Using audio feedback in elearning activities

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Audio feedback and sound is important to let us know if something has worked.

Here are some everyday examples of receiving audio feedback:

Camera shutter sound: A camera clicks once a photo is taken. With modern devices you can often turn off this shutter sound. Using an unfamiliar camera with the shutter sound is off can make it confusing to tell if the photo was taken or not. The instant audio feedback of the click is not available.

Games: a wrong response usually has a wrong sound and a correct response a correct sound. From the audio feedback the player quickly learns to either change tactic or keep doing what is working.

Modern electrical appliances: for example, my fridge door beeps when it’s left open, my washing machine has an error sound if something is wrong with it.

Vehicles: many cars and trucks have reverse beeping to let you know (and others) which direction your vehicle is going to move in. Some cars even have reverse sensors where the beeps get closer and closer together the nearer you get to an object. Interestingly with the advent of electrical cars, engine sounds had to be added to them to prevent pedestrians from walking out in front of these quiet cars! And then of course there’s the car horn which you can use to give other drivers immediate feedback (peep peep = thank you, beeeeeeeeep, beeeeeeeeeeep = #%*&#!!).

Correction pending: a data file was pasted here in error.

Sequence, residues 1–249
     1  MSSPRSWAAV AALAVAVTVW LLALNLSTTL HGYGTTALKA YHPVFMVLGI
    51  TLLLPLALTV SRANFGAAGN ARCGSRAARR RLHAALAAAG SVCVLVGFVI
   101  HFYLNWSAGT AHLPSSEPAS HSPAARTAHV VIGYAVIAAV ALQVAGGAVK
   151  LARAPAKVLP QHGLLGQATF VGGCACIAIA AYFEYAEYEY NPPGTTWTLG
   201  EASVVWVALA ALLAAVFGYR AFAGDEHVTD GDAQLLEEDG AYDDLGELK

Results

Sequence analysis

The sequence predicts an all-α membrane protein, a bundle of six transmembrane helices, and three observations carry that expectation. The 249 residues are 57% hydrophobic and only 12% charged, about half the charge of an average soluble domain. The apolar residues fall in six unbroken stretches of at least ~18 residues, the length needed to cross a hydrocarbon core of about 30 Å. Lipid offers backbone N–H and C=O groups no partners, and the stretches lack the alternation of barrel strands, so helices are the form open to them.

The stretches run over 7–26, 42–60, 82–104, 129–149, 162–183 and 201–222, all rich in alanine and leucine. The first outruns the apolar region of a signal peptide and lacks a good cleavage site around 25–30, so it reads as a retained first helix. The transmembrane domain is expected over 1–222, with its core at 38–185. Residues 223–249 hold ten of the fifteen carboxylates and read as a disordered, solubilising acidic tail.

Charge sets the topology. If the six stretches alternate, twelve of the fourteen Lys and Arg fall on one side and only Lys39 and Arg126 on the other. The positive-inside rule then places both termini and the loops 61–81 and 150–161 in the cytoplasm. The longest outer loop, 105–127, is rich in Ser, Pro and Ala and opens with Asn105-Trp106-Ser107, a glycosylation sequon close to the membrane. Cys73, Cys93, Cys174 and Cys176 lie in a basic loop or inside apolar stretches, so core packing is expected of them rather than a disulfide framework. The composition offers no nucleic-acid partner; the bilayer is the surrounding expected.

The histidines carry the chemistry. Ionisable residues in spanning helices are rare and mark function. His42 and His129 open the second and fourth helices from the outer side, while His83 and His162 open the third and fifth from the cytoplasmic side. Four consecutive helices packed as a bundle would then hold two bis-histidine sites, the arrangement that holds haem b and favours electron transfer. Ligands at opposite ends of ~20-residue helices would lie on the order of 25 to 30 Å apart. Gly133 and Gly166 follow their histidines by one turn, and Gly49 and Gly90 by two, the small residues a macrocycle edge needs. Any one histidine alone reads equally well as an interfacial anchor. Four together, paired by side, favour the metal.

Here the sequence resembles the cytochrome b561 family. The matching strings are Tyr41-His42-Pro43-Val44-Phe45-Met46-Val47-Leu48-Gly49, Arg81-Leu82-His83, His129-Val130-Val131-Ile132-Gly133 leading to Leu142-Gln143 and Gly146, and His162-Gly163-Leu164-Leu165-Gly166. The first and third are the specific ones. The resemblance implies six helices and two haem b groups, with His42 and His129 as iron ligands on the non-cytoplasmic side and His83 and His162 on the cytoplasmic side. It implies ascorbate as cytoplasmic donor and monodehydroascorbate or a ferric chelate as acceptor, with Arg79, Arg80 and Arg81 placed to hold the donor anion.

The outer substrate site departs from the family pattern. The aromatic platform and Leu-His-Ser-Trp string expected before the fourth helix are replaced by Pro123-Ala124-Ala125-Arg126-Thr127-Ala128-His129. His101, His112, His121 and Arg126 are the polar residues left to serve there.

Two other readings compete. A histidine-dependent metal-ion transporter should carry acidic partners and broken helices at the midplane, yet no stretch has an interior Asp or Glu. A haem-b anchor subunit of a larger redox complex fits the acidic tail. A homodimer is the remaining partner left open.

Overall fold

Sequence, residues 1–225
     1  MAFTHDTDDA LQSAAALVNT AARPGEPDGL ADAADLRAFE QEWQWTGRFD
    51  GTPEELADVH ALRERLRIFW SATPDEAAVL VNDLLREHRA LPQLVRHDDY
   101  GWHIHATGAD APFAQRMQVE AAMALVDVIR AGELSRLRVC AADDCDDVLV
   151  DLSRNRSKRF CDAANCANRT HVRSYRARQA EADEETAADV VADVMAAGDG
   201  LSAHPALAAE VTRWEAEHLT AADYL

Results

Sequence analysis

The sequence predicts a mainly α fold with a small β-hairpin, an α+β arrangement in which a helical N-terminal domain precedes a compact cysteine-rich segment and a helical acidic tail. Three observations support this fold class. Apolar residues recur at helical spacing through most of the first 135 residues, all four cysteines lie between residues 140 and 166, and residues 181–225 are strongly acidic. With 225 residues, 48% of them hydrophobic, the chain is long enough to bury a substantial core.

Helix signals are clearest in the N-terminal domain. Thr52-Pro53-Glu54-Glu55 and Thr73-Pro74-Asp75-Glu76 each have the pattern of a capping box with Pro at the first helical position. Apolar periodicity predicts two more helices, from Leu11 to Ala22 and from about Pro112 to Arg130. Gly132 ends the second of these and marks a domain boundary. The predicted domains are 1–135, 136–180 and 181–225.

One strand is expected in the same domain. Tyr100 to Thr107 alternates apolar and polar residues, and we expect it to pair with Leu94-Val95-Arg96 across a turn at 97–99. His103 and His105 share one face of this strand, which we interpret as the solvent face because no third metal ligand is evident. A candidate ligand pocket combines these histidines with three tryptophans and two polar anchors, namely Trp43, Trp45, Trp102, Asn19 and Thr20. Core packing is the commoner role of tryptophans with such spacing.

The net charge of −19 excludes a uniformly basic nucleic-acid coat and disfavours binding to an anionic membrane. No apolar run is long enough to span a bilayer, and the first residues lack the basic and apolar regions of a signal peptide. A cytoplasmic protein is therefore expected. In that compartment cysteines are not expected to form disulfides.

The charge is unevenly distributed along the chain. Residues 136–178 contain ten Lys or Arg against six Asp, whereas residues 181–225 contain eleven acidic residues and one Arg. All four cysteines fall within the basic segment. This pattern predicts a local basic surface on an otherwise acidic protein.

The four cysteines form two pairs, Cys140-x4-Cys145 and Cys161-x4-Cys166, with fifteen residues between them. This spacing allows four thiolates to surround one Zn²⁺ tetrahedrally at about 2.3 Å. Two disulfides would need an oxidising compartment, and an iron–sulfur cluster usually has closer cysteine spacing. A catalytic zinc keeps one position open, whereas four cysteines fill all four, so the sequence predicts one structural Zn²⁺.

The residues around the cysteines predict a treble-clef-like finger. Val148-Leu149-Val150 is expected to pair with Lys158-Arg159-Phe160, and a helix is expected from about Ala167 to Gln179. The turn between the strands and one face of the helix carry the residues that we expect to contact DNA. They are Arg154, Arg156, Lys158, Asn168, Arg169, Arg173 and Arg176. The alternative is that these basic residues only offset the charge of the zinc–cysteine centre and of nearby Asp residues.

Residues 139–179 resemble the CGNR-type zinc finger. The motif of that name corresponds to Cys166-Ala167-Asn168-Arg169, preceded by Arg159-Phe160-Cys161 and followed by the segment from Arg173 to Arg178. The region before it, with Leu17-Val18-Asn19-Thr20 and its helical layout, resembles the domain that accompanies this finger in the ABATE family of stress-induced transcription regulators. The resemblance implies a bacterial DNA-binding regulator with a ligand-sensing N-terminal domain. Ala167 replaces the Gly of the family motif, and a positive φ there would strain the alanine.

So why is audio feedback useful? One reason is that is stops the learner/user having to expend unnecessary cognitive energy and time in assessing if they have got an answer correct or not, as they get immediate feedback (can hear) if their answer was the correct one.

Have a look at these elearning activities. One has audio feedback and one does not. What difference does it make?

Without audio feedback

With audio feedback

What are your thoughts on having audio feedback in elearning?

One thought on “Using audio feedback in elearning activities

  1. Pingback: Wrapping up your elearning | Making a difference

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